Locked in Syndrome Atheromatous Basilar Occlusion

Long segments of basilar occlusion, without PCOMs, are usually deadly. With PCOMs, the result is usually pontine perforator infracts. Unilateral single perforator infarcts have good to excellent prognosis.  Bilateral infarcts of multiple perforators, while sparing top of basilar, produce the dreaded locked-in syndrome.  See below. Initial presentation was right-sided weakness, due to larger burden of occlusions on the right side, progressing quickly to full syndrome.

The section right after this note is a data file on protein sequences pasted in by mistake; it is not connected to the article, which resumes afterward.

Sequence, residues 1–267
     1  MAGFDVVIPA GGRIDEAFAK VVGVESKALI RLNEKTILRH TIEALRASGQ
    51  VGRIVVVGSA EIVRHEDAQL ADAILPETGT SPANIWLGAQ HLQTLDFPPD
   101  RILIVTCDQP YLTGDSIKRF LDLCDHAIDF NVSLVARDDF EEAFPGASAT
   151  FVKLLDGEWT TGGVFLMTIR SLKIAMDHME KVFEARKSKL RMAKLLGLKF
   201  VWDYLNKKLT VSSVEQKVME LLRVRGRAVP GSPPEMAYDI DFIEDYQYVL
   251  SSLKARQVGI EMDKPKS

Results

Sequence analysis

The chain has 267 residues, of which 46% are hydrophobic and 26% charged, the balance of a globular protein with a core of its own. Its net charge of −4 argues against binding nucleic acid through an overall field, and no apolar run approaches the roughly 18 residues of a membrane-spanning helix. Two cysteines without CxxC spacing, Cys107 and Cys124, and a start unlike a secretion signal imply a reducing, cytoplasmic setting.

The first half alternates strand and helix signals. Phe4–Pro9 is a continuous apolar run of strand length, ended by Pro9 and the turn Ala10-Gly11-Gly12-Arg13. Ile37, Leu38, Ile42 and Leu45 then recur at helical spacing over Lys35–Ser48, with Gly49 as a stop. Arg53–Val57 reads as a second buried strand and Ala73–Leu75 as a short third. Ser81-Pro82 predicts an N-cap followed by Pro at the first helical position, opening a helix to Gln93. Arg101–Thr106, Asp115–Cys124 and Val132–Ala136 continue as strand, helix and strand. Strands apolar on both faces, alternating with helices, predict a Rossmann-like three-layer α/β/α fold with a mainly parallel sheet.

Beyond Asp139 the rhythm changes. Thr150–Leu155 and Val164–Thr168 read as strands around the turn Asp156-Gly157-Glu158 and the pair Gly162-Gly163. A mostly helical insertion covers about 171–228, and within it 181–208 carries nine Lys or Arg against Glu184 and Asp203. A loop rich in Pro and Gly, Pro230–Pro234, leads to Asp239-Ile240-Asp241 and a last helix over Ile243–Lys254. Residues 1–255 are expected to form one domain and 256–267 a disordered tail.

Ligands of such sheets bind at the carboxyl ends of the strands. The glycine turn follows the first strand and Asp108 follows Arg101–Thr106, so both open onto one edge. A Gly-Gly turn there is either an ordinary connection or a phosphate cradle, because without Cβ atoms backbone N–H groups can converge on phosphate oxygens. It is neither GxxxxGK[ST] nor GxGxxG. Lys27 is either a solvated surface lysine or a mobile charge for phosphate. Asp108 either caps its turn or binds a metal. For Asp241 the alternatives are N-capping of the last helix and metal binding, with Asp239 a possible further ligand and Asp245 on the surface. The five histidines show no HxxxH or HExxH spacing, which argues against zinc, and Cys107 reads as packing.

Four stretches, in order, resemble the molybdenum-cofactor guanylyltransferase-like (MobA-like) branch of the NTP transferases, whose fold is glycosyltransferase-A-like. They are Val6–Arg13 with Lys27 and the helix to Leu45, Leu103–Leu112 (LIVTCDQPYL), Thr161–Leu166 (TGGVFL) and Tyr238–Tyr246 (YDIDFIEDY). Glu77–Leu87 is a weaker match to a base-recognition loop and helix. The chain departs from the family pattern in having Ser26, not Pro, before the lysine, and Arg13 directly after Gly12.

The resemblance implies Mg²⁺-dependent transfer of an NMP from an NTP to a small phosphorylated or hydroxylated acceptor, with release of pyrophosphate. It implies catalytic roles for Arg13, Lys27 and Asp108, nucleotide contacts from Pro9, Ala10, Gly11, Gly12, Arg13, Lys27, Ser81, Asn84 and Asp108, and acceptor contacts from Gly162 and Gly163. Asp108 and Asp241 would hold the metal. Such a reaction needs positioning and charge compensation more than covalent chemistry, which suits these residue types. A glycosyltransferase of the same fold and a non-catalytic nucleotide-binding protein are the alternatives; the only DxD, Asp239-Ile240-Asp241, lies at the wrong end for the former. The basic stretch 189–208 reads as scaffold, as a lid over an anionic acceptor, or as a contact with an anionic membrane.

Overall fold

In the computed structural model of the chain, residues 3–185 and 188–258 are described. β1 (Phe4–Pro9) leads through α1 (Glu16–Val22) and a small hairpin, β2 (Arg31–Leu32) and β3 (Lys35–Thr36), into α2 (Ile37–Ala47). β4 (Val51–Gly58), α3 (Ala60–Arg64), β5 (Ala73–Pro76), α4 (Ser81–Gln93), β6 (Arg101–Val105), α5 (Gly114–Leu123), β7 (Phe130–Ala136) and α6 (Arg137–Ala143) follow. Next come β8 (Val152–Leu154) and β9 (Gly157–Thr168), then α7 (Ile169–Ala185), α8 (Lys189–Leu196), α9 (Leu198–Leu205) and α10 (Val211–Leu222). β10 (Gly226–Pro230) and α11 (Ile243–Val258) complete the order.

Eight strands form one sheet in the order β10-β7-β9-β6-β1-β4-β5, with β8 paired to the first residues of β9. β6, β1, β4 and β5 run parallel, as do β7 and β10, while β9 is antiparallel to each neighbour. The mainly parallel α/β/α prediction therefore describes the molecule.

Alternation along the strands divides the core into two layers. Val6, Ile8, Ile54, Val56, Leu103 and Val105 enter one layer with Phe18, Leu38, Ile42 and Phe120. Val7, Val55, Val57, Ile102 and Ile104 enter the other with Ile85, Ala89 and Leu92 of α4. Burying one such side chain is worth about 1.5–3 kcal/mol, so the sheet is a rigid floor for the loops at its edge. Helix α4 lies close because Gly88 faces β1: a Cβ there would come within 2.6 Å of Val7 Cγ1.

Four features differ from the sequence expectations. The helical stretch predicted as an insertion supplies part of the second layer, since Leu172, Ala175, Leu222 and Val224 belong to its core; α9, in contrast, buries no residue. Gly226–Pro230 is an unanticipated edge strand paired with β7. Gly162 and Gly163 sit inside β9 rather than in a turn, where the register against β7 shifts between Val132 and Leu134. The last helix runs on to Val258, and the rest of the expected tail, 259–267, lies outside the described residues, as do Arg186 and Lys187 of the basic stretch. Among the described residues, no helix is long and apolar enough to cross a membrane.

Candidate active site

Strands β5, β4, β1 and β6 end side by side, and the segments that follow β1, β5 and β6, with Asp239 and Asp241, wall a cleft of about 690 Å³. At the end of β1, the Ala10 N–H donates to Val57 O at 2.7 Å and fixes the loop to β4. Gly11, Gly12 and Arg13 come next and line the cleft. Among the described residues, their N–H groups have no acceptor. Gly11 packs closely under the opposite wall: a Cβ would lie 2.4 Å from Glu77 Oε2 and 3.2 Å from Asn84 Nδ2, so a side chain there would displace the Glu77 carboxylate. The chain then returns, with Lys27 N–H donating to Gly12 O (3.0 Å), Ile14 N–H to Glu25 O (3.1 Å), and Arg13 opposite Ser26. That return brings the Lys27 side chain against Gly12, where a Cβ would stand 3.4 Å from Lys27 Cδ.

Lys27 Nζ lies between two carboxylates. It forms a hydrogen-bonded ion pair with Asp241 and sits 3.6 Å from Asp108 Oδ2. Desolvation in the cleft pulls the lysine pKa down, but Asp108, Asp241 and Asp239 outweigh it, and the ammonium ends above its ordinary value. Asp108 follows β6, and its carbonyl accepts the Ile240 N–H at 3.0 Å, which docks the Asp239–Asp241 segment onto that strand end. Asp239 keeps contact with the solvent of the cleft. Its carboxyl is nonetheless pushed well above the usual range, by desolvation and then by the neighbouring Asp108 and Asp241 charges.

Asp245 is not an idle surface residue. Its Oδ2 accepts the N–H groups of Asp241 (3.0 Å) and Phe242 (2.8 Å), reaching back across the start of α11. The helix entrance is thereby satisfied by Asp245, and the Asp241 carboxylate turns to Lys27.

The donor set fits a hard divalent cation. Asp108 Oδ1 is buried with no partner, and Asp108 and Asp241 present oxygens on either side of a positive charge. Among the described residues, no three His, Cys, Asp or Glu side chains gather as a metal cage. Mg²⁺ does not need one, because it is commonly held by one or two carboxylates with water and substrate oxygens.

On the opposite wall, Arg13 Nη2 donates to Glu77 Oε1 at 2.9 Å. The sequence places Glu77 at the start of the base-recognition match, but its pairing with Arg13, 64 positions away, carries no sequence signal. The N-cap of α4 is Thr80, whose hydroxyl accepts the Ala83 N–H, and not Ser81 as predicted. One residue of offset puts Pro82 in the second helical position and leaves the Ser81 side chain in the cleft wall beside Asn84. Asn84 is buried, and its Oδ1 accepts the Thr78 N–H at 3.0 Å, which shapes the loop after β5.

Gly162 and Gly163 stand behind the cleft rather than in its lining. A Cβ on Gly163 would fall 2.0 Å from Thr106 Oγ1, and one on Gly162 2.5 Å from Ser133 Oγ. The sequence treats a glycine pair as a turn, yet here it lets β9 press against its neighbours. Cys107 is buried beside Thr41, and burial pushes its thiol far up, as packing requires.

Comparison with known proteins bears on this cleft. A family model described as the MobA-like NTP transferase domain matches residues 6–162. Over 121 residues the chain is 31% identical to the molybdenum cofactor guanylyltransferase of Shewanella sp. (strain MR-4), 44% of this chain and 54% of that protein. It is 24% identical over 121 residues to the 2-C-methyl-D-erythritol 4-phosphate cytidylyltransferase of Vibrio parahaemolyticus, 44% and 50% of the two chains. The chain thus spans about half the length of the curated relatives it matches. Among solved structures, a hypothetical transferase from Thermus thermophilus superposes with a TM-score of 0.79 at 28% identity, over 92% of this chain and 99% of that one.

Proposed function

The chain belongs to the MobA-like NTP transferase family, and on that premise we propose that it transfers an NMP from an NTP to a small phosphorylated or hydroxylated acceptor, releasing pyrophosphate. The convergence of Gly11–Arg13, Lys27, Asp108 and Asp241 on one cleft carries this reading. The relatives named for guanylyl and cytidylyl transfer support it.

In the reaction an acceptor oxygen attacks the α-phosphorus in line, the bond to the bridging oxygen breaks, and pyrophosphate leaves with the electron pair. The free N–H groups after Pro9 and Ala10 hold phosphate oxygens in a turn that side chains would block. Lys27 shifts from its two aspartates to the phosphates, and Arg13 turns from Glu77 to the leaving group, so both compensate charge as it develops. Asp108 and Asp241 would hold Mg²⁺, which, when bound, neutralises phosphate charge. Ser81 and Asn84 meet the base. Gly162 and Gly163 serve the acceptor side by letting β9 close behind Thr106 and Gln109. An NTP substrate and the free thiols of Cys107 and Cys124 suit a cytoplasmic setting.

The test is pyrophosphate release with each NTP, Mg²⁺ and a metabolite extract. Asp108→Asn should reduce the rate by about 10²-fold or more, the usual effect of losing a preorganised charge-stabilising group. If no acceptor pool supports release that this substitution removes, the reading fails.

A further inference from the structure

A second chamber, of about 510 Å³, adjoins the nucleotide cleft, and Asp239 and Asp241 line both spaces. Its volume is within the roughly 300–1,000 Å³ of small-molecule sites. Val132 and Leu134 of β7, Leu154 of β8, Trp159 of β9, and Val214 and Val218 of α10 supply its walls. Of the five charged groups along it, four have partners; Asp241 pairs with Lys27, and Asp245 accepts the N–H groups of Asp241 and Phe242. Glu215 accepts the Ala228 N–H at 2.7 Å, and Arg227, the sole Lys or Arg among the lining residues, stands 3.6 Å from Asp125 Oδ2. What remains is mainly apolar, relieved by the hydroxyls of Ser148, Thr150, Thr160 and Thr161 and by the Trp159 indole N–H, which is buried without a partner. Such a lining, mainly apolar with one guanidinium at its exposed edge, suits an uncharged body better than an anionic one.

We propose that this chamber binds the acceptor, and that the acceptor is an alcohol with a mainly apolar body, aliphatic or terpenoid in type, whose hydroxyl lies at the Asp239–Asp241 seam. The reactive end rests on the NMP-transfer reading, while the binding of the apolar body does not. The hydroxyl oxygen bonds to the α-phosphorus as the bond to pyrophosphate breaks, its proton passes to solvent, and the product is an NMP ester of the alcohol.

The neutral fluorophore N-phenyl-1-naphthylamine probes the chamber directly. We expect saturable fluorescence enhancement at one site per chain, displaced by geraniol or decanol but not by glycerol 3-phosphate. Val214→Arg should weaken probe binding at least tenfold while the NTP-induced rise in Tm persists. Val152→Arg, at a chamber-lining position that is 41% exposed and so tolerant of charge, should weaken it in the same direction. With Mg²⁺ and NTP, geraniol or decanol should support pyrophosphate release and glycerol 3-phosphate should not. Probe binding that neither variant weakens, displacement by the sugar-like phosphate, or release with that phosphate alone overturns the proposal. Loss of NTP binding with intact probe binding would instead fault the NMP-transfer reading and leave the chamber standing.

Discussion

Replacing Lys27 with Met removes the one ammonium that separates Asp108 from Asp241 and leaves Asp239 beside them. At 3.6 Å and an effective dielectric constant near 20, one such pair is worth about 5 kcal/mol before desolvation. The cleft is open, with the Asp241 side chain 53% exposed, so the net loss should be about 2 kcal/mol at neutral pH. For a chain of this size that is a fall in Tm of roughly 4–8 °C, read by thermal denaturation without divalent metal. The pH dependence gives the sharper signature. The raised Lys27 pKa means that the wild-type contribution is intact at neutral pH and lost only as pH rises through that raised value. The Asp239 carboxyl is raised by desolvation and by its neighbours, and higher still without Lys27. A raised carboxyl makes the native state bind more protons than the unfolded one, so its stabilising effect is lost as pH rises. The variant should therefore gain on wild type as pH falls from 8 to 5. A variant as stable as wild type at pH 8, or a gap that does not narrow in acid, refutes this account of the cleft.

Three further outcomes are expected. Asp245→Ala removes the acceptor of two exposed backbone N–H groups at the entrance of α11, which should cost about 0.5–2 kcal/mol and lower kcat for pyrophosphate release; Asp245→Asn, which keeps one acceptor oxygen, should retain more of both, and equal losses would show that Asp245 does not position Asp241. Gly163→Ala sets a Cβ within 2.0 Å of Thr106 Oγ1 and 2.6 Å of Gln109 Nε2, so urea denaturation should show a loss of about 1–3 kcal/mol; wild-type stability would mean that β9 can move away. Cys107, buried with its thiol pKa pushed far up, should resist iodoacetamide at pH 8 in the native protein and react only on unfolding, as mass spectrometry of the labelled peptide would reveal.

Bilateral vertebral occlusions suggest atheromatous etiology

Probably a more common generator of locked in syndrome is pontine hemorrhage, and with advances in thrombectomy many basilar occlusions can be reopened, with varied clinical outcomes